June 15th is designated as World Elder Abuse Awareness Day. This is an opportunity for communities all across the world to come together and promote a better understanding of abuse, neglect, and exploitation of older adults. The focus is to raise awareness of the social, cultural, economic and demographic processes affecting elder abuse. According to the National Center on Elder Abuse, more than one million people age 65 or older in America alone have suffered abuse. It is also estimated that for each case of reported elder abuse, neglect, and exploitation, about five more incidents go unreported.
Elder abuse is the willful infliction of physical pain, injury or mental anguish, unreasonable confinement, or the willful deprivation by a caretaker of services necessary to maintain mental and physical health. Elder abuse takes many forms, including:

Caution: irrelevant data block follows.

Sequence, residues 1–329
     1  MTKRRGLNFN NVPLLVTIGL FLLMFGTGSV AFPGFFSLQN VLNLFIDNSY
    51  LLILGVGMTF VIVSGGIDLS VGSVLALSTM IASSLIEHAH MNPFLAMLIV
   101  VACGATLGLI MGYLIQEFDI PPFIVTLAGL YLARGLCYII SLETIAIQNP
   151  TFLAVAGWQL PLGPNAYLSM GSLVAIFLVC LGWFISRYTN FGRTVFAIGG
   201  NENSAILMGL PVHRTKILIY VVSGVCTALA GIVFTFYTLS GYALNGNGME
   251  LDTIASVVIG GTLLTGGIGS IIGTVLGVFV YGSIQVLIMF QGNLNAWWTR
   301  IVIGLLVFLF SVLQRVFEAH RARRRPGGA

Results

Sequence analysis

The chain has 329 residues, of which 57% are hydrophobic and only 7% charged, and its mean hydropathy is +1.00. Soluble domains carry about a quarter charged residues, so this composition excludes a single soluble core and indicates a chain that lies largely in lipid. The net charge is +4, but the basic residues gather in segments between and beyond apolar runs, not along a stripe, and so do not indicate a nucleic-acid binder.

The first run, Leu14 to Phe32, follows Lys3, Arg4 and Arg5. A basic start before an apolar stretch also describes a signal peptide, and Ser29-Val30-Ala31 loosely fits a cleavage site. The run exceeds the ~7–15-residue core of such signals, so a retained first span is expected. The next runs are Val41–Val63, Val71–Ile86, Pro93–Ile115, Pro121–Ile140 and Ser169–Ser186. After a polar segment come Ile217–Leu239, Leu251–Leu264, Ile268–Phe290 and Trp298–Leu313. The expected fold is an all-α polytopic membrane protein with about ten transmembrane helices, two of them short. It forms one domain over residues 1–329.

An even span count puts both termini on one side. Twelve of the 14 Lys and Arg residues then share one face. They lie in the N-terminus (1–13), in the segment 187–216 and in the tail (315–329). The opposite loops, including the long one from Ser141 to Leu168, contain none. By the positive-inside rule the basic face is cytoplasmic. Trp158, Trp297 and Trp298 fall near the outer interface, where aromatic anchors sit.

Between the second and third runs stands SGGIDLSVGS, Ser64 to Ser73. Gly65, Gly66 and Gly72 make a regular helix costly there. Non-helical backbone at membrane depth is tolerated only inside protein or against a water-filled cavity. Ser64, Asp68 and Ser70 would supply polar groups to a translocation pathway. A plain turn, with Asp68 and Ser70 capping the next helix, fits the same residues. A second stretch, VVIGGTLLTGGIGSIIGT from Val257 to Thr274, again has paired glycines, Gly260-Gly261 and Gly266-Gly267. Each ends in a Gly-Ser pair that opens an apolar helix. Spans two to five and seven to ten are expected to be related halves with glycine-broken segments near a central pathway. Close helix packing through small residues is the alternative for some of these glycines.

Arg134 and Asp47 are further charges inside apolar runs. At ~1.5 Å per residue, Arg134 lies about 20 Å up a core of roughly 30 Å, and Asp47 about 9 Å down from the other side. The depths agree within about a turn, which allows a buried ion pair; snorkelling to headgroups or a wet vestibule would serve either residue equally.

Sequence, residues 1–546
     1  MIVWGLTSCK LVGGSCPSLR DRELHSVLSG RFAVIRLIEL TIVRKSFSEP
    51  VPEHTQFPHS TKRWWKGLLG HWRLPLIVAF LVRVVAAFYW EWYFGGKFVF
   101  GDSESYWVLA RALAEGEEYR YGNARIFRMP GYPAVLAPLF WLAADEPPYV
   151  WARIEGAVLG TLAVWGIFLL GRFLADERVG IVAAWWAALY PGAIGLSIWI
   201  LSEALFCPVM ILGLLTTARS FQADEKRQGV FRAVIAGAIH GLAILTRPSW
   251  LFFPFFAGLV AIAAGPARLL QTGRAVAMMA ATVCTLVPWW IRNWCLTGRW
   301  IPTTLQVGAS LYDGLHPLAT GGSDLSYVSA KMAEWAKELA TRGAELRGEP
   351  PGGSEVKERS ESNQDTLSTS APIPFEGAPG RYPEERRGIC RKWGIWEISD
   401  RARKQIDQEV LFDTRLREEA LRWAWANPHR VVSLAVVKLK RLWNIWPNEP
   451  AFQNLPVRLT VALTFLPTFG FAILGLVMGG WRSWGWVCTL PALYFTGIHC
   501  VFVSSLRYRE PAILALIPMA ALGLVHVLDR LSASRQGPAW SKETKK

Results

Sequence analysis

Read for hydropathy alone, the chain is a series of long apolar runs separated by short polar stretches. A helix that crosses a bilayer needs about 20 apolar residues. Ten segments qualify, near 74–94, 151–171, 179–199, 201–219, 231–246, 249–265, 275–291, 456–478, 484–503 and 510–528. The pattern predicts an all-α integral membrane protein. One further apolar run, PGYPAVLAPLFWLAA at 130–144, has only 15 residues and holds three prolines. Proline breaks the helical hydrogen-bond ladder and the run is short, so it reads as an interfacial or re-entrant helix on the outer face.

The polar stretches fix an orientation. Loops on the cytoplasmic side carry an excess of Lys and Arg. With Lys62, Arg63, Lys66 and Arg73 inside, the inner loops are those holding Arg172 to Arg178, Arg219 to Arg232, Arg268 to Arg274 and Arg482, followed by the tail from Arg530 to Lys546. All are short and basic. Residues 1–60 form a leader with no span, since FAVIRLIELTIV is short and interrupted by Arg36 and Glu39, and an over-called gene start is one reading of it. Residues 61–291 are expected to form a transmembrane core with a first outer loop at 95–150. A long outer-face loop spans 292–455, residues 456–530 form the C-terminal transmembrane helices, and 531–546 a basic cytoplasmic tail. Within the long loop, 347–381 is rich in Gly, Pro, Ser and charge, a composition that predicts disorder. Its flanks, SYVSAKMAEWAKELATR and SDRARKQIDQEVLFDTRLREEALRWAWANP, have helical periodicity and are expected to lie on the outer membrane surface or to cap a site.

Elders who have been abused have a 300% higher risk of death when compared to those who have not been mistreated. While likely under-reported, estimates of elder financial abuse and fraud costs to older Americans range from $2.9 billion to $36.5 billion annually. Yet, financial exploitation is self-reported at rates higher than emotional, physical, and sexual abuse or neglect. Warning signs of elder abuse include the following:
If an older adult is in immediate, life-threatening danger, call 911. Anyone who suspects that an older adult is being mistreated should contact a local Adult Protective Services office within the Department of Social Services, Long-Term Care Ombudsman, or police.
How can elder abuse be prevented?
Educating seniors, professionals, caregivers, and the public on abuse is critical to prevention. If you’re an older adult, you can stay safe by: